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Clinical outcome of posterior-stabilized total knee arthroplasty using an increased flexion gap in patients with preoperative stiffness.
Bone Joint J. 2020 Apr; 102-B(4):426-433.BJ

Abstract

AIMS

To compare patients undergoing total knee arthroplasty (TKA) with ≤ 80° range of movement (ROM) operated with a 2 mm increase in the flexion gap with matched non-stiff patients with at least 100° of preoperative ROM and balanced flexion and extension gaps.

METHODS

In a retrospective cohort study, 98 TKAs (91 patients) with a preoperative ROM of ≤ 80° were examined. Mean follow-up time was 53 months (24 to 112). All TKAs in stiff knees were performed with a 2 mm increased flexion gap. Data were compared to a matched control group of 98 TKAs (86 patients) with a mean follow-up of 43 months (24 to 89). Knees in the control group had a preoperative ROM of at least 100° and balanced flexion and extension gaps. In all stiff and non-stiff knees posterior stabilized (PS) TKAs with patellar resurfacing in combination with adequate soft tissue balancing were used.

RESULTS

Overall mean ROM in stiff knees increased preoperatively from 67° (0° to 80°) to 114° postoperatively (65° to 135°) (p < 0.001). Mean knee flexion improved from 82° (0° to 110°) to 115° (65° to 135°) and mean flexion contracture decreased from 14° (0° to 50°) to 1° (0° to 10°) (p < 0.001). The mean Knee Society Score (KSS) improved from 34 (0 to 71) to 88 (38 to 100) (p < 0.001) and the KSS Functional Score from 43 (0 to 70) to 86 (0 to 100). Seven knees (7%) required manipulations under anaesthesia (MUA) and none of the knees had flexion instability. The mean overall ROM in the control group improved from 117° (100° to 140°) to 123° (100° to 130°) (p < 0.001). Mean knee flexion improved from 119° (100° to 140°) to 123° (100° to 130°) (p < 0.001) and mean flexion contracture decreased from 2° (0° to 15°) to 0° (0° to 5°) (p < 0.001). None of the knees in the control group had flexion instability or required MUA. The mean KSS Knee Score improved from 48 (0 to 80) to 94 (79 to 100) (p < 0.001) and the KSS Functional Score from 52 (5 to 100) to 95 (60 to 100) (p < 0.001). Mean improvement in ROM (p < 0.001) and KSS Knee Score (p = 0.017) were greater in knees with preoperative stiffness compared with the control group, but the KSS Functional Score improvement was comparable (p = 0.885).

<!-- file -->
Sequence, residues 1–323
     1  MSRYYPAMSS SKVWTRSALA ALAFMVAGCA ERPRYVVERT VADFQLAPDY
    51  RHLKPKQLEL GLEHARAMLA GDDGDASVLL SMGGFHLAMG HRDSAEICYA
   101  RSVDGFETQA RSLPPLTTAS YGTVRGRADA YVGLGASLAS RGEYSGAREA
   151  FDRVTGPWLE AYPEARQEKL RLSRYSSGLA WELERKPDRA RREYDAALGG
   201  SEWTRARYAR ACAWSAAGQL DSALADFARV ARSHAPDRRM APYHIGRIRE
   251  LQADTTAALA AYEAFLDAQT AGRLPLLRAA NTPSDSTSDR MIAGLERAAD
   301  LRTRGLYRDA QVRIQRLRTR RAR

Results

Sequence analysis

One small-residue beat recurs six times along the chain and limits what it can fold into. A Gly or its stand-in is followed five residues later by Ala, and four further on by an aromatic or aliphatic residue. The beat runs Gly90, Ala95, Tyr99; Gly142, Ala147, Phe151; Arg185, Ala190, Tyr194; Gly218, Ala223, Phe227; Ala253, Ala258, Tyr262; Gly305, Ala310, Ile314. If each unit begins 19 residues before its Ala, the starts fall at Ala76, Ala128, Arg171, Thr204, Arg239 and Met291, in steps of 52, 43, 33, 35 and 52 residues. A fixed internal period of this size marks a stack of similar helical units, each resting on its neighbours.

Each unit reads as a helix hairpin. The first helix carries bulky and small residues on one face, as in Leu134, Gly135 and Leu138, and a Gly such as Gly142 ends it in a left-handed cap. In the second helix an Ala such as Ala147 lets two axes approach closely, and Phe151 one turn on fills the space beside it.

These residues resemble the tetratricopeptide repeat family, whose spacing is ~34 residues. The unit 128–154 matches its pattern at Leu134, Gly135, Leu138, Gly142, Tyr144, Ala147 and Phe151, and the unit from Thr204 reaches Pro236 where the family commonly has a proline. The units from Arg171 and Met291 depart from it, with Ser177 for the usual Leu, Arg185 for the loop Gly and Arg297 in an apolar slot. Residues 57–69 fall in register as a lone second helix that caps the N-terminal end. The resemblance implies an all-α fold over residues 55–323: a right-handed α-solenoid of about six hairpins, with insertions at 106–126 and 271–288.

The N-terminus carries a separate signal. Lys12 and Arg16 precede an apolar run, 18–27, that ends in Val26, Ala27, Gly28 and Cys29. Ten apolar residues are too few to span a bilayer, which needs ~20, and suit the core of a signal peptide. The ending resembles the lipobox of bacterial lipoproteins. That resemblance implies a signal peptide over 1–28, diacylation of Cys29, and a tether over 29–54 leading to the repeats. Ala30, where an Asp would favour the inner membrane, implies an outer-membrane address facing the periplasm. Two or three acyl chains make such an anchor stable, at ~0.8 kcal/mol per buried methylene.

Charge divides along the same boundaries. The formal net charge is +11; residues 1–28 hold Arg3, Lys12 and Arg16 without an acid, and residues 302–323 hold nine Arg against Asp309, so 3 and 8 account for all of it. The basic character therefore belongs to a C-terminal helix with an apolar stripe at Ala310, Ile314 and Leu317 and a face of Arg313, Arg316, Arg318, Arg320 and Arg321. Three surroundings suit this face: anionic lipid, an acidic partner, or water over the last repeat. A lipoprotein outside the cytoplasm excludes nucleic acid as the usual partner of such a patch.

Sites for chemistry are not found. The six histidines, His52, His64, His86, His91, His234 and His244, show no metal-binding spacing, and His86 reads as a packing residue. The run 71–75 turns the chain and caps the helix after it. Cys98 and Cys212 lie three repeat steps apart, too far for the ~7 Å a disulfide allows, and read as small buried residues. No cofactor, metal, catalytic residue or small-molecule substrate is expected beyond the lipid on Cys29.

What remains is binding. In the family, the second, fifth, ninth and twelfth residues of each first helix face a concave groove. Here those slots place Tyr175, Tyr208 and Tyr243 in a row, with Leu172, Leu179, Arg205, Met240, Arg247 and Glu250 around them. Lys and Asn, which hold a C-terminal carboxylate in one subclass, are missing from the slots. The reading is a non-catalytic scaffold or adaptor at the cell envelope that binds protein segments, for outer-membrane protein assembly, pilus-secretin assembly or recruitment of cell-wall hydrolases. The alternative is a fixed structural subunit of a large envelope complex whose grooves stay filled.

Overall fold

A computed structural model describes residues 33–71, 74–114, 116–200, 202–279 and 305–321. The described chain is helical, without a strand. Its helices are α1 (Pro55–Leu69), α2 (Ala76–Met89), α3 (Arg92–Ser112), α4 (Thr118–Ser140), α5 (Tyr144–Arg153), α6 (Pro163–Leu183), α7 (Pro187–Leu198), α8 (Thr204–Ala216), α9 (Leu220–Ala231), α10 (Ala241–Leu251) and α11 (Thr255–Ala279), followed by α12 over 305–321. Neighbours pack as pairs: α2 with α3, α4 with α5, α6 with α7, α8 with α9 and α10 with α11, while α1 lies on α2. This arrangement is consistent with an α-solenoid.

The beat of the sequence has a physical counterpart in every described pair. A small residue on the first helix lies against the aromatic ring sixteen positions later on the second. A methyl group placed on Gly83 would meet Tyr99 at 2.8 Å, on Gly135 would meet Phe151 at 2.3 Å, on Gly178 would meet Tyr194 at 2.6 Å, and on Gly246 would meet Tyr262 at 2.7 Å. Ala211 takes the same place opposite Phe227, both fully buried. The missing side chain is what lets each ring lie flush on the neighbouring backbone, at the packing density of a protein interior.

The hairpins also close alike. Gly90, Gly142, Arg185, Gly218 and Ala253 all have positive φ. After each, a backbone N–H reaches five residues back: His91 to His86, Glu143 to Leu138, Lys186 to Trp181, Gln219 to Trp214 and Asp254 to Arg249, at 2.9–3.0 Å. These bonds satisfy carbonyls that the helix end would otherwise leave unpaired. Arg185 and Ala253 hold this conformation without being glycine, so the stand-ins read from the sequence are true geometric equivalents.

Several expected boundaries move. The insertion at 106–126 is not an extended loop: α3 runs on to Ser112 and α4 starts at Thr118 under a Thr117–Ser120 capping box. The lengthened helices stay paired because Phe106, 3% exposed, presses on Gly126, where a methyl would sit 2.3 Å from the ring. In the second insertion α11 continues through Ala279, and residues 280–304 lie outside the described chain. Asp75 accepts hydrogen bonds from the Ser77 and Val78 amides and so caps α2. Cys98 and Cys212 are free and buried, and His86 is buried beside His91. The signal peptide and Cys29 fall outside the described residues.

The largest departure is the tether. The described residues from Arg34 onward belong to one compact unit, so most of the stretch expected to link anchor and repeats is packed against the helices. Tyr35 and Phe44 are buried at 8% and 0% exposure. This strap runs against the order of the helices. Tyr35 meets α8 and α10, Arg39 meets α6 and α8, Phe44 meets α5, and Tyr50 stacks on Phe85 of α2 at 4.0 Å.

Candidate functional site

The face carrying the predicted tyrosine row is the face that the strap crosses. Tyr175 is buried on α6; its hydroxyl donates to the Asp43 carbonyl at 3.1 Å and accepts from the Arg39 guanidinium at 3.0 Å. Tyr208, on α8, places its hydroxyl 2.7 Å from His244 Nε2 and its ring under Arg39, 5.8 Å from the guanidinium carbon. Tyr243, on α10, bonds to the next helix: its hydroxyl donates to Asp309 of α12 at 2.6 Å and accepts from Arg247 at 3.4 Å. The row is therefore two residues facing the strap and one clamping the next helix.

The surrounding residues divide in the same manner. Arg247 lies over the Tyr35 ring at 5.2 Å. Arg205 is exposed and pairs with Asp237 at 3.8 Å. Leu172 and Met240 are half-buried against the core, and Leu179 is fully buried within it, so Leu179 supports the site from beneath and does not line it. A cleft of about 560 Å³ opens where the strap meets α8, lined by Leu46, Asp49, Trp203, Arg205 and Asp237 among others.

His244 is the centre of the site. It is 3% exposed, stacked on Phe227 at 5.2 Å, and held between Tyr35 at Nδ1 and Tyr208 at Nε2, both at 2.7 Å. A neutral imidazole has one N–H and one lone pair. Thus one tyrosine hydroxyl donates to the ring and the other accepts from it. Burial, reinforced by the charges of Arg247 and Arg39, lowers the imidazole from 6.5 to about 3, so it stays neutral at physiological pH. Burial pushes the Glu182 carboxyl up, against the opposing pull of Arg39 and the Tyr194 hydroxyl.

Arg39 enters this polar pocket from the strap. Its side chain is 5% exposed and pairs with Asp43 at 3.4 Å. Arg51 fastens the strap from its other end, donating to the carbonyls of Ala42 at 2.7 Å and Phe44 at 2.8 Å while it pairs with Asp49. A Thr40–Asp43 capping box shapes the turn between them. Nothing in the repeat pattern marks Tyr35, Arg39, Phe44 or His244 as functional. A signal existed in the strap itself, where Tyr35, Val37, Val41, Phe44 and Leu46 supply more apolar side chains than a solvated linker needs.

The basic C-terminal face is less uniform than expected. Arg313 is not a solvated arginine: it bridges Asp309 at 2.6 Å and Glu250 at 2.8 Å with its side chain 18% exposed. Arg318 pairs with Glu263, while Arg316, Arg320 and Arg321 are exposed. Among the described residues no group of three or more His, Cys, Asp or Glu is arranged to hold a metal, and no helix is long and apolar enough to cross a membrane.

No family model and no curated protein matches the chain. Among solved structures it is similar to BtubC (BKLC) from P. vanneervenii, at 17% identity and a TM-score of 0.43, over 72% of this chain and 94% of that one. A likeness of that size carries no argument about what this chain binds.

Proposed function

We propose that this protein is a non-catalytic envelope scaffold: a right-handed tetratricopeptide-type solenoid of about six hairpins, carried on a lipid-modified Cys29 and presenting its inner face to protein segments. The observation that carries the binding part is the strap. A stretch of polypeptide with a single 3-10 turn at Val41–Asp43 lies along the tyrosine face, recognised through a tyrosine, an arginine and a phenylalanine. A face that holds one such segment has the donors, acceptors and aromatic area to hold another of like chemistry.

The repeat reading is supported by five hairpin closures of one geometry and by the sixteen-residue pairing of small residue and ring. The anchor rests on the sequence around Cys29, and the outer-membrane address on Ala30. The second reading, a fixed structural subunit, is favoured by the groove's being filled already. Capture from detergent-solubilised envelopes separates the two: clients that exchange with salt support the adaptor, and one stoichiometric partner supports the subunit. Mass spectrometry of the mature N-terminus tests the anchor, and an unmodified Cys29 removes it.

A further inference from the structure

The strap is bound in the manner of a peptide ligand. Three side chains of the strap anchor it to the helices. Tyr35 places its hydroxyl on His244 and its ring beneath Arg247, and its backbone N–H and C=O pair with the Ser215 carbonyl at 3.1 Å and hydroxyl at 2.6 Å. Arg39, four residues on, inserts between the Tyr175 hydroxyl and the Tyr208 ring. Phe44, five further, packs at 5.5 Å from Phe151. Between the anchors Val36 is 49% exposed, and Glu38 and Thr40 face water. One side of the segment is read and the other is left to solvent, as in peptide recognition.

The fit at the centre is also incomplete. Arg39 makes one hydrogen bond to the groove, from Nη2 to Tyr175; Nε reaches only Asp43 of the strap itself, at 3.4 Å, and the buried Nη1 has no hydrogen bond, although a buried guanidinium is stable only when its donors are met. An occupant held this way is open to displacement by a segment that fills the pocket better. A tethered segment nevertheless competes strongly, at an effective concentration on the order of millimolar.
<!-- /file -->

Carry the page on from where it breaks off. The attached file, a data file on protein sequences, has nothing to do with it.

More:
CONCLUSION

TKA with a 2 mm increased flexion gap provided a significant improvement of ROM in knees with preoperative stiffness. While the improvement in ROM was greater, the absolute postoperative ROM was less than in matched non-stiff knees. PS TKA with patellar resurfacing and a 2 mm increased flexion gap, in combination with adequate soft tissue balancing, provides excellent ROM and knee function when stiffness of the knee had been present preoperatively. Cite this article: Bone Joint J 2020;102-B(4):426-433.

Authors+Show Affiliations

Adult Reconstruction and Joint Replacement Division, Hospital for Special Surgery, New York, New York, USA.Adult Reconstruction and Joint Replacement Division, Hospital for Special Surgery, New York, New York, USA.Department of Orthopedic Surgery, University of Ulm, Ulm, Germany.Department of Orthopaedic Surgery, Koenig-Ludwig-Haus, University of Wuerzburg, Wuerzburg, Germany.Department of Orthopedics and Trauma Surgery, Vienna General Hospital, Medical University of Vienna, Vienna, Austria.Department of Orthopedics and Trauma Surgery, Vienna General Hospital, Medical University of Vienna, Vienna, Austria. Adult Reconstruction and Joint Replacement Division, Hospital for Special Surgery, New York, New York, USA.

Pub Type(s)

Journal Article

Language

eng

PubMed ID

32228087

Citation

Boettner, Friedrich, et al. "Clinical Outcome of Posterior-stabilized Total Knee Arthroplasty Using an Increased Flexion Gap in Patients With Preoperative Stiffness." The Bone & Joint Journal, vol. 102-B, no. 4, 2020, pp. 426-433.
Boettner F, Sculco P, Faschingbauer M, et al. Clinical outcome of posterior-stabilized total knee arthroplasty using an increased flexion gap in patients with preoperative stiffness. Bone Joint J. 2020;102-B(4):426-433.